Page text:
Robot can sort soft plastics for recycling

Engineers at the University of Sydney are developing a robot that can sort soft plastics out of waste, simplifying recycling processes.

In Australia, 94% of soft plastics were sent to landfill in 2017-18. They can’t be recycled through kerbside bins, because recycling facilities find them too difficult to work with.

“Material recovery facilities cannot take soft plastic because it’s very hard to distinguish it from paper, and it also clogs the machinery and causes failures,” explains Branka Vucetic, a professor at the University of Sydney and director of the Centre for IoT [Internet of Things] and Telecommunications.

Vucetic and her colleagues have sought to rectify this by creating a robotic system designed to distinguish soft plastics from each other, as well as other waste.

“We worked with a factory here on the Central Coast, and developed a technology that consists of robots, 3D cameras, and IoT communications for processing information, so it would be able to initially separate soft plastics,” she says.

Professor branka vucetic, dr wanchun liu, dr wanli ouyang and professor yonghui li, who co-developed the robot.
Professor Branka Vucetic, Dr Wanchun Liu, Dr Wanli Ouyang and Professor Yonghui Li, who co-developed the robot. Credit: University of Sydney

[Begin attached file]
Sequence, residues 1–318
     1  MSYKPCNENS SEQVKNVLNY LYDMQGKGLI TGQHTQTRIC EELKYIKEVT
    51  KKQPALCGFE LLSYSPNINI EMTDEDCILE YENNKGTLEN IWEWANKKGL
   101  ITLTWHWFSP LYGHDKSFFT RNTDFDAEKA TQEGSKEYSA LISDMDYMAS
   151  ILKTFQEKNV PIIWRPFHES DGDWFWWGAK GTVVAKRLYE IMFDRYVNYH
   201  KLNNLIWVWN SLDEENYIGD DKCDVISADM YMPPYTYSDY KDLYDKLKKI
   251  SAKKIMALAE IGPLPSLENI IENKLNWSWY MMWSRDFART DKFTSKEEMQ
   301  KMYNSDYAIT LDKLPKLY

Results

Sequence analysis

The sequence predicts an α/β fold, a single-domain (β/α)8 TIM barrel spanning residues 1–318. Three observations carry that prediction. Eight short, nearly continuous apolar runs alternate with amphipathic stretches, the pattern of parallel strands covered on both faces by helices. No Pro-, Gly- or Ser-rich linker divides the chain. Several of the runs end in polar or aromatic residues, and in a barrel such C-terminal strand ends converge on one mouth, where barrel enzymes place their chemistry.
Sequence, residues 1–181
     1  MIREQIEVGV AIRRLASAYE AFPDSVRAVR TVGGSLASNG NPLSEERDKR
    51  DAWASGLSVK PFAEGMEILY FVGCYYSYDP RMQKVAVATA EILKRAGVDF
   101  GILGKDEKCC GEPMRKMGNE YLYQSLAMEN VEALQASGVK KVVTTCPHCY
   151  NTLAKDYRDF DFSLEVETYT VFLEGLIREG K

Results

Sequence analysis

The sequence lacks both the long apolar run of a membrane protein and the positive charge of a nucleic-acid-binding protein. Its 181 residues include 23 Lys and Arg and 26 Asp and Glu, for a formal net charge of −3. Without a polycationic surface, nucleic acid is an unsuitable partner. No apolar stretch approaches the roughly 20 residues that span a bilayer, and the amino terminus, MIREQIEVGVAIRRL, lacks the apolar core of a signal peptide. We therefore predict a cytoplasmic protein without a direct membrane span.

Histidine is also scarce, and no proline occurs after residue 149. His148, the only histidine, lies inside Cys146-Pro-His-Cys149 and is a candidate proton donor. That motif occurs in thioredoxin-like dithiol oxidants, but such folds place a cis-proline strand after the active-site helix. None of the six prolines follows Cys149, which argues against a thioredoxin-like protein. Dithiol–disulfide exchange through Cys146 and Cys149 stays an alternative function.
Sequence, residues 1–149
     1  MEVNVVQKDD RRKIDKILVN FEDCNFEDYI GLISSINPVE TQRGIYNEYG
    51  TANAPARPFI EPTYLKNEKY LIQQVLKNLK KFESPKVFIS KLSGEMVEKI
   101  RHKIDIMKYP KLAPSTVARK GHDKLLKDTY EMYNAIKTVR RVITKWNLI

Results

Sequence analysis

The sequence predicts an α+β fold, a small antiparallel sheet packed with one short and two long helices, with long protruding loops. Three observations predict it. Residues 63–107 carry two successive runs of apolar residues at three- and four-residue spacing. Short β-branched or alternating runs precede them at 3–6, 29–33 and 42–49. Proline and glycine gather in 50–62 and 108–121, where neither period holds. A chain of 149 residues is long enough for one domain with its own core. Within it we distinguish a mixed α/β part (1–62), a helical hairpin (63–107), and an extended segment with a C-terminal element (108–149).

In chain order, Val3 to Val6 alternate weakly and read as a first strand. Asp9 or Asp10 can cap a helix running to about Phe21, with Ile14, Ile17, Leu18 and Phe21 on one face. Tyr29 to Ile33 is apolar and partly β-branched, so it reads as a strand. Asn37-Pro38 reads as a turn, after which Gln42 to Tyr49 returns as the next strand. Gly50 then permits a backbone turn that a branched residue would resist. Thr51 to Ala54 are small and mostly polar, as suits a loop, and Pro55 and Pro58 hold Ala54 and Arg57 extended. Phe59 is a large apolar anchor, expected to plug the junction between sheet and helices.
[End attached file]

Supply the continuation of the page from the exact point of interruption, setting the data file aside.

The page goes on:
“Later the technology will be used for automation of recycling more types of waste.”

Based at IQ Renew’s material recovering facility, the system will be integrated into a currently running recycling pilot program developed by CurbCycle. Households in the program are asked to separate their soft plastics into specially labelled bags, which are then placed in kerbside recycling bins. At the facility, the bags are taken out and will be set to the robotic system for sorting.

“They will be recognised by the robot and separated into multiple streams,” says Vucetic.

“Then they will be processed and remanufactured into oil, or indoor and outdoor furniture, for example.” This will be done by Licella, a spinoff company from the University of Sydney, which has developed a catalytic technology that can process a range of carbon-based substances back into oil.

Vucetic says that the IoT-based system required expertise from a range of different fields to develop, and the entire project took over a year to put together.

“The Internet of Things is a system which includes sensing, communication networks, AI facilities in a cloud, and robots, which are called actuators.”

Vucetic says she hopes to see the system will roll out nationally over the next few years.

“So we think that within one year the project will be fully completed at this material recovery facility that we are working with, and then the plan is that over three years, that it would be deployed nationally.”

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